Does late night eating really cause weight gain?

Sep 21, 2020
Our health expert looks into whether eating a night is bad for you after all. Source: Getty.

It’s 10pm and you’re feeling a little bit peckish. You had an early dinner and all you can think of now is food, but you have that voice in the back of your head that keeps telling you that eating late is bad for you and causes weight gain. But is that actually true?

Unfortunately, this question can’t be answered in a black and white manner. Due to the circadian rhythm, our metabolism slows down at night, therefore anything you eat at night may be turned into fat more easily than calories consumed during the day. The circadian rhythm is a 24-hour cycle that is part of the body’s internal clock, running in the background to carry out essential functions and processes.

One of the most important and well-known circadian rhythms is the sleep-wake cycle. When properly aligned, the circadian rhythm can promote consistent and restorative sleep. But when it’s thrown off, it can create significant problems in the body and mind. Research shows that the sleep-wake cycle plays an integral role in many aspects of our physical and mental health.

The night hours are the time for the body to rest and repair, if we eat late at night the body has less time to repair and reset as it will be busy digesting the food we consumed. It needs to be said that scientists are still debating this, however, studies have found that people who eat late at night are more likely to gain weight.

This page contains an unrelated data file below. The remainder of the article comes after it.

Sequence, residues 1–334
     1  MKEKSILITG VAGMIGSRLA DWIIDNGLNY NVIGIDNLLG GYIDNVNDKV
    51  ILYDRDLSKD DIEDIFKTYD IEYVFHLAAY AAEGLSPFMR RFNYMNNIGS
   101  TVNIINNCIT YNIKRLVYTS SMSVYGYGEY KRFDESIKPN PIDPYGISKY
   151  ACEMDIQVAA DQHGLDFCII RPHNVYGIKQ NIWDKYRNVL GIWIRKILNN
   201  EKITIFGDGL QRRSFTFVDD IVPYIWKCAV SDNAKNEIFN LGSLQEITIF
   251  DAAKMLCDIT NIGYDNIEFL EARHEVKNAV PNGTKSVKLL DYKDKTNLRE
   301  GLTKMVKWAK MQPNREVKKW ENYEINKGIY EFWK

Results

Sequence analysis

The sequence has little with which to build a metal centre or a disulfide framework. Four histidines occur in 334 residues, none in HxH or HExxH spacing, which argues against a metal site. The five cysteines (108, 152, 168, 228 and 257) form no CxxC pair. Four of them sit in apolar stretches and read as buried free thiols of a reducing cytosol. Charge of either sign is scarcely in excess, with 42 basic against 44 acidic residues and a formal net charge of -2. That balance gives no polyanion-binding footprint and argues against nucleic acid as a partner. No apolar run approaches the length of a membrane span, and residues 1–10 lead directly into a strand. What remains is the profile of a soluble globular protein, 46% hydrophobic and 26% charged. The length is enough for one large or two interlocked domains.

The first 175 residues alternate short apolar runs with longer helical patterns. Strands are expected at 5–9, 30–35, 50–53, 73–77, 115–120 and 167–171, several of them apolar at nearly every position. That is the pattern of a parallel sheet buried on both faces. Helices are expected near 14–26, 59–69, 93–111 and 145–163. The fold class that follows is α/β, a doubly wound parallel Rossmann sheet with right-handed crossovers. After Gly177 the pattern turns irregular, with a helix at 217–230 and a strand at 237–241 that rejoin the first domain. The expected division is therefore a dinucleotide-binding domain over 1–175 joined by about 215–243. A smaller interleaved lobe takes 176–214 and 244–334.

One study tracked the eating habits of 52 adults and found that those who ate past 8pm consumed more total calories than earlier eaters. The extra calories consumed by late eaters could lead to weight gain over time. So what should you do if you can’t stop yourself reaching for the fridge door handle?

A yoghurt or vegan yogurt (almond or coconut, no sugar, if possible), some dried fruits or some pumpkin seeds (they are rich in tryptophan and help the brain produce melatonin when eaten together with some carbs). Edamame is another option as this snack is also high in tryptophan and protein. Almonds may also help boost your sleep quality. Along with several other types of nuts, almonds are another great source of the sleep-regulating hormone melatonin as well as magnesium, which helps promote sleep due to its ability to reduce inflammation. Additionally, magnesium may reduce high levels of the stress hormone cortisol, which is known to interrupt a good night’s sleep.

IMPORTANT LEGAL INFO This article is of a general nature and FYI only, because it doesn’t take into account your personal health requirements or existing medical conditions. That means it’s not personalised health advice and shouldn’t be relied upon as if it is. Before making a health-related decision, you should work out if the info is appropriate for your situation and get professional medical advice.

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What are your thoughts on this? Do you snack at night?

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